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Ash Wednesday during a pandemic

Ash Wednesday moment of prayer. Photo illustration by Kathleen Barry, United Methodist Communications.
Ash Wednesday moment of prayer. Photo illustration by Kathleen Barry, United Methodist Communications.

Ash Wednesday (which falls on February 17 this year) is the official beginning of the season of Lent. Typically, Christians gather on this day in a service of penitence and reflection during which they impose ashes on each other’s foreheads in the shape of the Cross. As with most services done in the shadow of the pandemic, Ash Wednesday participants will need to adapt to keep safe and avoid spreading the virus. Fortunately, churches, ministry leaders and ecumenical organizations have stepped up with creative ways to observe Ash Wednesday in 2021.

Avoid hosting indoor services

The Ecumenical Consultation on Protocols for Worship, Fellowship, and Sacraments recommends holding virtual or outdoor Ash Wednesday services. According to The Consultation, outdoor services should only be offered if the community falls below a specific threshold in terms of the rate and likelihood of infection as well as the availability of ICU hospital beds. For those communities who meet those criteria, outdoor services should only be offered under the following conditions:

  • Everyone present wears a mask covering their mouth and nose at all times
  • Everyone keeps a distance of at least 6 feet apart from each other unless they are part of the same permanent household
  • No one present has tested positive for COVID-19, experienced any common symptoms of COVID-19 or otherwise been exposed directly to the virus within the last 2 weeks

The safest way to hold an Ash Wednesday service is through a virtual or private household service. Churches that will be offering some kind of in-person service should also record and make them available to members unable to attend safely. The United Methodist Church does not require those leading an Ash Wednesday service to be ordained or have other ministry credentials, so the service can be carried out in the home among family members entirely.

Offer ways for families to observe Ash Wednesday at home

The Michigan Annual Conference has developed a Lent in a Box set of resources for families and households to use over the 5 weeks of Lent. This includes suggestions for churches to send ashes to members or for households to make the ashes themselves using strips of paper and olive oil. NOTE: Please do not to mix ashes with water as this can cause the skin to burn. Use olive oil instead.

Marcia McFee at Worship Design Studio has developed a Holy Vessels Lenten Series for use during the pandemic, with a sample Ash Wednesday service. The series includes recommended prayers, hymns, scriptures and other liturgical resources.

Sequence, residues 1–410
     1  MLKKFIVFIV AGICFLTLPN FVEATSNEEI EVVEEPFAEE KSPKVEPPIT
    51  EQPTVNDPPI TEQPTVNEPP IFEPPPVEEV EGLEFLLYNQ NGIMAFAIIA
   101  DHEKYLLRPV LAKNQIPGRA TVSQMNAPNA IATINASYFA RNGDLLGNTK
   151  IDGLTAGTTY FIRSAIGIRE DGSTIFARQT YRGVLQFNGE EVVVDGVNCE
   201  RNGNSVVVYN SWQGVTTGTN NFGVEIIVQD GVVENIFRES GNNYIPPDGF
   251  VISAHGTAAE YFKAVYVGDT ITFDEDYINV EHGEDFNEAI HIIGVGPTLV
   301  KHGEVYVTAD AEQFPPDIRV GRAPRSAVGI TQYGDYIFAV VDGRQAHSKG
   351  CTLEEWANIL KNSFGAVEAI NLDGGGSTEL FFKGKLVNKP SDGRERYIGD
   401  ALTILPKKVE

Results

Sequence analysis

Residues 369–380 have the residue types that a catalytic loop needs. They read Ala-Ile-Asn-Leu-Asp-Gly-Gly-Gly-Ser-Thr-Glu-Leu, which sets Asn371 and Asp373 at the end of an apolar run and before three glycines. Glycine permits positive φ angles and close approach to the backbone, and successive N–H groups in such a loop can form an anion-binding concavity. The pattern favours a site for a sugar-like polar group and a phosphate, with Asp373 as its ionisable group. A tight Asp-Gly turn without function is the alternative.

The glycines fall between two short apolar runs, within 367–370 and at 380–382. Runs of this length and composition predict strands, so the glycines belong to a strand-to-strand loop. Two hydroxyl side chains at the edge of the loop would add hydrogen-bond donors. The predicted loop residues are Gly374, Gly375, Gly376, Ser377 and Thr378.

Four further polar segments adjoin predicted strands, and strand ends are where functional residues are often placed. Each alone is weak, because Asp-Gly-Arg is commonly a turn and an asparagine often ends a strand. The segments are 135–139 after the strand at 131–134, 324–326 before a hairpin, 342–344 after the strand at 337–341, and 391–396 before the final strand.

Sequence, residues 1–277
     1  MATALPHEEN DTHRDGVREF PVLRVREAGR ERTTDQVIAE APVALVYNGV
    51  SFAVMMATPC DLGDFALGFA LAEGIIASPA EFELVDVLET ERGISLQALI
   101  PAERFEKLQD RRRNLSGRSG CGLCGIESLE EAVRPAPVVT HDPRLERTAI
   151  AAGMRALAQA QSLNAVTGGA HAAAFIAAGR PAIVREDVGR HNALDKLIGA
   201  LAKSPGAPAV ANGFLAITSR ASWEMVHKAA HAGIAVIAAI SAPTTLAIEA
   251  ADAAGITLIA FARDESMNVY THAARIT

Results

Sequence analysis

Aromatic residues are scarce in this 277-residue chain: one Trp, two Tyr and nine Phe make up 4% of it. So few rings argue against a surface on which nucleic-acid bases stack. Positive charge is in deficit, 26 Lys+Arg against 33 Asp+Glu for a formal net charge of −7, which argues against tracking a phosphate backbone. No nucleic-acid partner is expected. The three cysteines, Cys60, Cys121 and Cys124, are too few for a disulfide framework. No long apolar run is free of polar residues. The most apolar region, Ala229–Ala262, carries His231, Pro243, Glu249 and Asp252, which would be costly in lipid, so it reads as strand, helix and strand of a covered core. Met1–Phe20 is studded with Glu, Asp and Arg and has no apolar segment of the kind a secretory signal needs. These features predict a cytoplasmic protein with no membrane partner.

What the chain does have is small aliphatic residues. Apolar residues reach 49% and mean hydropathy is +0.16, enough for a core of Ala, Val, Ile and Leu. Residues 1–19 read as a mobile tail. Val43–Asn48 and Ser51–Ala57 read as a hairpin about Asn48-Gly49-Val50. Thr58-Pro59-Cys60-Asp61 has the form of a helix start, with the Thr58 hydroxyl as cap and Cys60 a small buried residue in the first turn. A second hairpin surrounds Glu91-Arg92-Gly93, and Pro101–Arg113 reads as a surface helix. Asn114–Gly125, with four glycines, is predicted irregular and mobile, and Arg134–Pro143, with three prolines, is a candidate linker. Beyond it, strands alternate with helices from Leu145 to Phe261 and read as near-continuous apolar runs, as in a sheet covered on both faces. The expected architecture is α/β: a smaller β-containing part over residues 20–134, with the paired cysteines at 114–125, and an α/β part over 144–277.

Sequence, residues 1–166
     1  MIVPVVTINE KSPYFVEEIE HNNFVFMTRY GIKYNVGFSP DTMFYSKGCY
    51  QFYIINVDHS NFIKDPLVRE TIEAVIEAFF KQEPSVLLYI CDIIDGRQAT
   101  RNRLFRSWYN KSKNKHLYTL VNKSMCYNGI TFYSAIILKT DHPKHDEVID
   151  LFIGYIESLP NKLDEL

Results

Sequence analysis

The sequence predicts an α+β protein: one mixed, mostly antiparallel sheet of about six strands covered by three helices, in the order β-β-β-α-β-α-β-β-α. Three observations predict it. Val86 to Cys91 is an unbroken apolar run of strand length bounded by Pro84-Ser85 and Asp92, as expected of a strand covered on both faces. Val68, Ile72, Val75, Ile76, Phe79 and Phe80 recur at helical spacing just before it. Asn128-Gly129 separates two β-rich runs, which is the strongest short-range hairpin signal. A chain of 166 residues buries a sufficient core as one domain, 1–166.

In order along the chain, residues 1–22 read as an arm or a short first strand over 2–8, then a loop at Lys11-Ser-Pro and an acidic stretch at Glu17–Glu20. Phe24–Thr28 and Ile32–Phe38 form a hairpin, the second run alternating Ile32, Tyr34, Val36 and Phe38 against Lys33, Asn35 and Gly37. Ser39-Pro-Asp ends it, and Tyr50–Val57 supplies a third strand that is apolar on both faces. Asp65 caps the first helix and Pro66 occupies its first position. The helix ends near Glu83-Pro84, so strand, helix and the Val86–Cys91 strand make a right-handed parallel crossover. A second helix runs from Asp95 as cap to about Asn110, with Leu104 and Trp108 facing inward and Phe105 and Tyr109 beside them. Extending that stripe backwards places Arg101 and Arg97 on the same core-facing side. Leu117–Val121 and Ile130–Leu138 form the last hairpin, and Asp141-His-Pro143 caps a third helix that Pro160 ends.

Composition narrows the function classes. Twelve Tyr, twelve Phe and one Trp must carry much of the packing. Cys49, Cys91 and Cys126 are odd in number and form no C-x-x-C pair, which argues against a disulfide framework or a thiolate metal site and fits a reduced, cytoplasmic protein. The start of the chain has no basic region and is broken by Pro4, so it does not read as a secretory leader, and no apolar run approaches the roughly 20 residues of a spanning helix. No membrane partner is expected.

“Congregations are finding creative ways celebrate Ash Wednesday. Some are creating custom tattoos that resemble a cross of ashes while others are attacking static clings to their cars or windows. One woman found a way to put a cross of real ashes on a card, using chapstick as an adhesive,” said McFee.

McFee also suggested using dirt as part of an at-home service rather than ashes. Unlike ashes, dirt is something anyone can readily get their hands on from their own backyard or garden and this can be an invitation to remind participants of their connection to the earth.

“When we impose the ashes on someone during the service, we quote Genesis 3:19 that says ‘you are dust and to dust you shall return’ so in a way dust is an even more appropriate symbol for the service. Dust represents both our brokenness, but also our hope of resurrection and new life. Dust scatters, but dust also allows things to grow,” said McFee. In fact, she recommends households who are able can hold their service outside end it by planting something in their yard or garden as a sign ofhope.

“I know many of us are sad not to be worshipping together in a sanctuary for Ash Wednesday, but I hope we can also see this as a unique opportunity for creativity and reflection. In the Early Church, Lent was also the season where catechumens prepared for their baptism. I hope this time can be one where each of us rediscovers the calling of our baptism and reflects on the way we can live out our commission as Christian healers to communities hurt by the pandemic,” said McFee.


For many Christians Ash Wednesday may take on a deeper meaning this year. It was during Lent last year that most of our lives were upended by the pandemic. As we mourn those who were lost this past year, we are reminded daily of our own mortality. Yet just we can see light at the end of tunnel in the miracles of modern science, so too do we find hope in promise of Christ’s resurrection and the new life it offers all of us.

Philip J. Brooks is a writer and content developer with the leader communications team at United Methodist Communications, Nashville, Tennessee, USA.

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